I feel jealous of her, I mean Julia. For the first time in my life I regret my decision of staying here. I didn’t think about it before. I didn’t think I could fall so low as to want to steal someone’s boyfriend. I’ve neglected my sexuality so much that now the first darkhaired foreigner that comes can shake my world. It would do no harm if he was single, but he’s obviously with her. I don’t want to be that kind of girl who knows she can have any man she wants; I want to believe there’s more to relationships than sexual attraction. But how can I know? I’ve never in one. I feel that my sexuality is trying to catch up with me, and it’s just too much. I can’t bear it anymore. If he wasn’t coming towards me, I’d flee the room right now. But I simply can’t reject him like this. Whatever his intentions are, I want to allow him to reach his goal, which seems to be only to talk to me. Where’s the harm in that? He looks too innocent and too transparent to have hidden intentions. He doesn’t know what he’s doing, and I don’t know either, but I don’t have the heart to stop him. What if he’s attracted to me? He has a girlfriend, is that all the moral fault I hold against him? What if I’m attracted to him? Pragmatically thinking, it’s easier for her to find a new dark-haired boyfriend back in Western Europe, where she lives, than for me to meet another guy I feel attracted to. She’s done everything she wished; she’s gone to paradise to live her dream, not caring about who’s left behind. I know I extol Ukraine as if everything was perfect here, but I’m not blind. I know it’s hard to stay and I didn’t mind it till now. I’d never felt it was a sacrifice till now. Now I know that she gets to go back to her first world country with her exotic boyfriend while I stay here, struggling to lift Ukraine up, while my romantic life is non-existent. I’ve also read books about exotic countries and I’ve been enthralled by love stories with dark, mysterious characters. I’m also human and I’m sorry to show it all of a sudden. I’m sorry to prove to everyone that I’m not an ice queen whose heart is immune to men’s charm. I’m scared of the consequences of these feelings. I just want the wedding to end, with all its merriness, so I can deal with these emotions that are choking me to the point that I couldn’t even answer to Sonya’s remarks, when she was evidently expecting an answer from me. Fortunately their merriness didn’t allow the hiccup of my silence to alter the allegro rhythm of their conversation. He’s coming directly towards me! What am I going to do?!


I’ve just said: “Hello, what’s your name?”. It’s all my strained nerves would allow me to say, and without even the minimal gallantry required for it not to be awkward. But the results just paralyzed me with stupor. I’m being literal; I can’t move a muscle right now. I’m standing in front of her and she’s sobbing with her face buried in her hands. She’s cried for a few seconds now, which wouldn’t have been noticeable by itself, were it not that a foreigner is standing right in front of her. Her table companions first noticed me and I actually managed to steal their attention for a few seconds, which would have been enough if she’d stopped crying on time, but she doesn’t seem eager to pull herself together, and a few girls have already noticed her odd answer to a simple question. One of them is has just sat beside her and has probably asked her what’s wrong, but she’s just left the table in a hurry. She’s wiped her face before leaving and she is walking with such composure that I think everyone at the table believe, the same as me, that it was just a smart maneuver to avoid talking to me. Now the girl who sat beside her is looking at me apologetically. After a few seconds she tells me something in Ukrainian or Russian or Chinese, who the hell cares at this moment, which I can’t understand. I guess she apologized for her friend and invited me to wait for her, but I can’t stand the humiliation. However, my madness, instead of dying from the vicious wound inflicted by this star actress, it’s actually exacerbated by it, and I’m happy to play the role of the wounded lion chasing after his victim. So I ran after her, literally, to make up for my slow reaction. I didn’t even see the faces of the people around, but I guess I would’ve found expressions of blank astonishment. People are so predictable anyway and life is too short to care about such idiotic details.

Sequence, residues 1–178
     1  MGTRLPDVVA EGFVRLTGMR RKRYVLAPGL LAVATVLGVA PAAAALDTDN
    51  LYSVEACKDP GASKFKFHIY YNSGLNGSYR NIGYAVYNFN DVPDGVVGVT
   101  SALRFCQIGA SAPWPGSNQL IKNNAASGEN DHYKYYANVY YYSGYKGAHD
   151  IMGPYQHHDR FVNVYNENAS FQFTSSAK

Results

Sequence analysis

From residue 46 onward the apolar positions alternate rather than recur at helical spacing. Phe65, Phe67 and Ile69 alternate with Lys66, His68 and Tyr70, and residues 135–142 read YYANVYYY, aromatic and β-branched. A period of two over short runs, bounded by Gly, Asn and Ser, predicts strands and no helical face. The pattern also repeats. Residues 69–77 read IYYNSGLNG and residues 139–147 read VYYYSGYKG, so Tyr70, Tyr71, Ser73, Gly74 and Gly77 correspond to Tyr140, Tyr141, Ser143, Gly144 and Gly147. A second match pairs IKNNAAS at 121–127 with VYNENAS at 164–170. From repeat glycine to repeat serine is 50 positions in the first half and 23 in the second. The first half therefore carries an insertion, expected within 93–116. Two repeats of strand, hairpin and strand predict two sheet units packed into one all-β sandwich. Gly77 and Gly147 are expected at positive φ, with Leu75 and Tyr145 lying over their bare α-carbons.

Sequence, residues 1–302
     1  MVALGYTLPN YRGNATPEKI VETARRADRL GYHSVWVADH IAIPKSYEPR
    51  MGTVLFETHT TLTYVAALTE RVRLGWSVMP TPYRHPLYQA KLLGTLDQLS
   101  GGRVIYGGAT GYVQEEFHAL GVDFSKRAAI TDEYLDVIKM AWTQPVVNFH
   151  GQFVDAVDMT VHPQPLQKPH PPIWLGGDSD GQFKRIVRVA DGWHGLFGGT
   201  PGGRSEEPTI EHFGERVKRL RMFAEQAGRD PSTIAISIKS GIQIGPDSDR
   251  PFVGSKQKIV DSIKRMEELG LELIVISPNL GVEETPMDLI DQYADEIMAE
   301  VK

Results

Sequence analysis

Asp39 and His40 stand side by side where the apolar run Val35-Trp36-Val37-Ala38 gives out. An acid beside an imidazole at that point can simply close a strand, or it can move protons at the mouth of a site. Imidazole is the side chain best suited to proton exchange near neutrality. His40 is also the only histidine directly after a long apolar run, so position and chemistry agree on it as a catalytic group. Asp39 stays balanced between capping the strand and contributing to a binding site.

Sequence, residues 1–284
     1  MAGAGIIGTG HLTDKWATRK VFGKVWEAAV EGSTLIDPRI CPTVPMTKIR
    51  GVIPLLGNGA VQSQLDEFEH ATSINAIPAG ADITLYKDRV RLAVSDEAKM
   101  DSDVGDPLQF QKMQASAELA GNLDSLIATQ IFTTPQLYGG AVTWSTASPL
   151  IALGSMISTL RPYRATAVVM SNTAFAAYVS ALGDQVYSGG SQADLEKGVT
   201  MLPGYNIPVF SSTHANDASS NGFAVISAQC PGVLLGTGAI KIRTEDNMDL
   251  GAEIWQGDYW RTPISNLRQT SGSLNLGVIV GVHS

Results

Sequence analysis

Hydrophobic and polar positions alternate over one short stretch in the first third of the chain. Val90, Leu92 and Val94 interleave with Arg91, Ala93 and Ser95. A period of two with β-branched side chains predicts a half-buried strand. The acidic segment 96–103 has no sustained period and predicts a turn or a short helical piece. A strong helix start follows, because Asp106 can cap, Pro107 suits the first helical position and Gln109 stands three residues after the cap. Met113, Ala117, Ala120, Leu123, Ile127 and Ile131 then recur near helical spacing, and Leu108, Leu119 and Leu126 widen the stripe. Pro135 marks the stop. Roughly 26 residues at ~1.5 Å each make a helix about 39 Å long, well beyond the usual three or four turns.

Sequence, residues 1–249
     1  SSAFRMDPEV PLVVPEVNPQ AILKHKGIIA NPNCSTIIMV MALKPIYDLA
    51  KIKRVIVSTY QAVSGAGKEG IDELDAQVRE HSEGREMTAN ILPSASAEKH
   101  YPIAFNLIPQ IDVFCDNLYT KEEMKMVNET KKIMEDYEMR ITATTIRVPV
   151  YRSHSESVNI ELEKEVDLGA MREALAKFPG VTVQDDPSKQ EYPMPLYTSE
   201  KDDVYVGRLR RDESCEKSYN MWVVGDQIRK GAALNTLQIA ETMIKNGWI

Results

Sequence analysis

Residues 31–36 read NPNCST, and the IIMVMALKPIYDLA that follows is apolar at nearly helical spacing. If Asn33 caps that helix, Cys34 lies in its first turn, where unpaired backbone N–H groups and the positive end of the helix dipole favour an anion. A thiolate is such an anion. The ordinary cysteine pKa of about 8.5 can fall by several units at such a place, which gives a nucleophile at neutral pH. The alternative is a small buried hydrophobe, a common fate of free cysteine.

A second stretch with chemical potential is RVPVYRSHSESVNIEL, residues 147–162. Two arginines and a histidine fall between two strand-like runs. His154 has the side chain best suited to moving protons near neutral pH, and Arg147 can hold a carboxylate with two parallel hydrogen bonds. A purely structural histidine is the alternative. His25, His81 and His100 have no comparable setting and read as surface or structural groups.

Fortunately no one followed us: It seems to be an Ukrainian tradition to let people play out their emotions without intervening. She’s gone into the ladies’ bathroom and I’ve stopped outside for a moment. Not that I’m considering the inappropriateness of entering the ladies’ to harass a crying girl; I’m simply giving myself a few seconds to summon up courage. The saying goes: Animals are more afraid of you than you are of them, which in this case is diametrically true: I’m totally scared of this wild animal, even though I’m aware of being the beast of prey at the moment. I feel like a pathetic panther, halting in fear in front of a defenseless, wounded deer.


Why am I so pitiful? I don’t have the courage to do what I want, to be spontaneous and lighthearted. Why do I need to complicate everything? What kind of new hysteria was that? A handsome guy just asked my name and I ran away crying. Am I four years old? Why can’t I be the heroine of my life story and behave self-assuredly? Why can’t I play the game nonchalantly like many other girls do? He came to me; I’m not responsible for his actions. It’s not my fault that he’s enthralled by me, or infatuated, as the pusillanimous like to say. The coward like to misuse words like infatuation, because they’re too scared of life. Infatuation etymologically means foolish behavior, so it should be applied to every person who is in love. We don’t behave rationally when we’re really in love, unless reason encompasses the sacrifice of our self-interest for the non-binding promise of happiness. The acceptance of all such risk is always fatuous, from a material point of view. Tell me of one person who hasn’t gone out of their way to be with the person they want, and then you can say that person hasn’t been infatuated. We may be aware of our foolishness and perform our foolish act deliberately, like when we play with dogs and small kids, but nonetheless we’re fools; we’re actively infatuated.